U.S. deploys Marines to protect embassy in Haiti amid violence and transition

U.S. deploys Marines to protect embassy in Haiti amid violence and transition


The United States has sent a specialized Marine unit to help secure the U.S. Embassy in Haiti as the country struggles with a power transition amid rising gang violence, officials said Wednesday.

Haiti, the Caribbean Community and the United States are forming a committee of Haitian leaders to replace embattled Prime Minister Ariel Henry and lead the embattled nation to new elections. Henry, who has faced pressure from the United States, the Caribbean Community, gangs and ordinary Haitians to step down, announced Monday that he would step down once a transitional presidential council has been formed and a replacement interim leader has been selected.

Haitian politicians rush to form new government after leader resigns

U.S. Southern Command, which coordinates U.S. military activities in the region, said on Wednesday that it had deployed a Marine Fleet Anti-Terrorism Security Team (FAST) to the embassy in Port-au-Prince, at the request of the State Department, “to maintain a robust security capability” and “provide relief operations for active Marine personnel.”

Dozens of FAST Marines based in Yorktown, Virginia, took part in the embassy deployment, a U.S. defense official said on condition of anonymity to discuss the highly sensitive ongoing mission.

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While Marines provide security for diplomatic missions around the world, the arrival of the Special Forces FAST Marines highlights the deteriorating situation inside Haiti. FAST platoons are on standby to respond to crises and can be deployed within 24 hours to secure key locations and protect U.S. personnel at risk.

According to Marine Corps documents, FAST forces are well-positioned to reinforce or evacuate embassies because they are familiar with the embassy structure and are already integrated with the State Department.

They also provide security for strategic weapons and rapid response to other forces already deployed, including counterterrorism operations, according to the Marines.

Haiti, which has suffered from decades of corruption, poverty and violence, has been in turmoil since the assassination of President Jovenel Moïse in 2021. United Nations officials estimate that armed gangs control more than 80 percent of Port-au-Prince, and gang members commit kidnappings, rapes and murders with impunity.

This month, gangs have raided two prisons, freeing thousands of criminals, as well as the international airport, a major port and at least a dozen police stations. Bodies are piling up on the capital’s streets with no government officials to remove them.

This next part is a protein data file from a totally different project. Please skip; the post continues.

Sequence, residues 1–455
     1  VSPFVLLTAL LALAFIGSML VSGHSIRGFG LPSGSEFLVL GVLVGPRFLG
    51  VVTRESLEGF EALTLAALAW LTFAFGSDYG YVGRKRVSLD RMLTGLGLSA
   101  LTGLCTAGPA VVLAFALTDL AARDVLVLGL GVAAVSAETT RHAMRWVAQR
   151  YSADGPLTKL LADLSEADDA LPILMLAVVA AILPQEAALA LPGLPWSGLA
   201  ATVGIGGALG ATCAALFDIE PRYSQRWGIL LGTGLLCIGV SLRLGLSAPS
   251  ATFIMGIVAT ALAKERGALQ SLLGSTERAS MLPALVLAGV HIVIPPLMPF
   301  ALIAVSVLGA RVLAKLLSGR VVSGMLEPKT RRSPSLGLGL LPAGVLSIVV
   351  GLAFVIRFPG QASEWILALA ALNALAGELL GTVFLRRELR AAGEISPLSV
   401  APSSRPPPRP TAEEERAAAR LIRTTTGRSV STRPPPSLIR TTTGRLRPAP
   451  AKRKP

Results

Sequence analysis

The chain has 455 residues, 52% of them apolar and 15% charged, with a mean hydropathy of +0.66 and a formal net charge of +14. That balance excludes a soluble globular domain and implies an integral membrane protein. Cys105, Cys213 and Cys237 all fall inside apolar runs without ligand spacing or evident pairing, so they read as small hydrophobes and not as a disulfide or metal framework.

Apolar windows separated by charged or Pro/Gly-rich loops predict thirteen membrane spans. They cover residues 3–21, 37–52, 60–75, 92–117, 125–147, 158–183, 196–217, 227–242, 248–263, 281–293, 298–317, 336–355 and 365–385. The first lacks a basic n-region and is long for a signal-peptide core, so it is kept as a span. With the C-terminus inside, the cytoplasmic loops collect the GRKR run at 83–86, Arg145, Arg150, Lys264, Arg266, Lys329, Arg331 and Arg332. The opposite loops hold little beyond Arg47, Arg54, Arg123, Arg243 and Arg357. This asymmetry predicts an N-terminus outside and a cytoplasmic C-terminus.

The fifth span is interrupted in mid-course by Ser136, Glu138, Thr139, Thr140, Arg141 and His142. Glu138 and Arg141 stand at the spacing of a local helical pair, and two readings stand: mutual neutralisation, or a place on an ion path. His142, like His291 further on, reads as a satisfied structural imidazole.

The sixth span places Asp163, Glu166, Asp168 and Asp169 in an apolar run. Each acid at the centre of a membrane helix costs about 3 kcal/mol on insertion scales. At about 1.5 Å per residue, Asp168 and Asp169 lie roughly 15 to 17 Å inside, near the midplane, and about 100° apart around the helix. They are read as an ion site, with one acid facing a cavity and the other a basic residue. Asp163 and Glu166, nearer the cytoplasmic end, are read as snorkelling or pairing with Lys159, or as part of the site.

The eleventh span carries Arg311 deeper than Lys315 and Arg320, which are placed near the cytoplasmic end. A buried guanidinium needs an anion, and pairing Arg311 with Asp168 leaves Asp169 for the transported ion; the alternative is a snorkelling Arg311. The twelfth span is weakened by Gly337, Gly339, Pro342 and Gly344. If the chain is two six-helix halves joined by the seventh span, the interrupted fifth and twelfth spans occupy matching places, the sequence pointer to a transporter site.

Haiti’s presidency remains vacant, with the previous lawmaker’s term expiring in January 2023. That leaves Henry, who was appointed by Moïse just days before the assassination, to run the government. Henry, a 74-year-old neurosurgeon, has been criticized for failing to contain the violence and call new elections.

The prime minister was in Nairobi to appeal for support for the UN-approved Kenyan-led security force deployed to Haiti during the recent escalation of violence. He was unable to return home and was last seen in the US territory of Puerto Rico in the Caribbean.

Haitians are shot dead in the streets and there’s no one to take away the bodies.

The Biden administration spent nearly a year searching for a country to lead a multinational security assistance mission to Haiti and drafted a U.N. Security Council resolution that would authorize the mission. The U.S. would provide logistical support, intelligence, airlift, medical assistance and $300 million in funding but would not take part in street patrols, officials said.

The State Department is investigating the Kenyan police forces being deployed to ensure they are not involved in human rights abuses.

“This week, the Department of Defense is doubling funding for the Multinational Security Assistance (MSS) mission and expediting deployments to work with Haiti, Kenya and other partners to support the Haitian National Police and restore security in Haiti,” Southern Command said. “The Department of Defense stands ready to provide effective support to the MSS, including planning support, intelligence sharing, airlift and medical support.”

The FAST deployment on Tuesday evening was the second U.S. military deployment to the embassy in Haiti in a week. Planners and logisticians were deployed on Sunday, a second U.S. defense official said. The operation was to “ensure continuity of embassy operations and the withdrawal of non-essential personnel,” Southern Command said.



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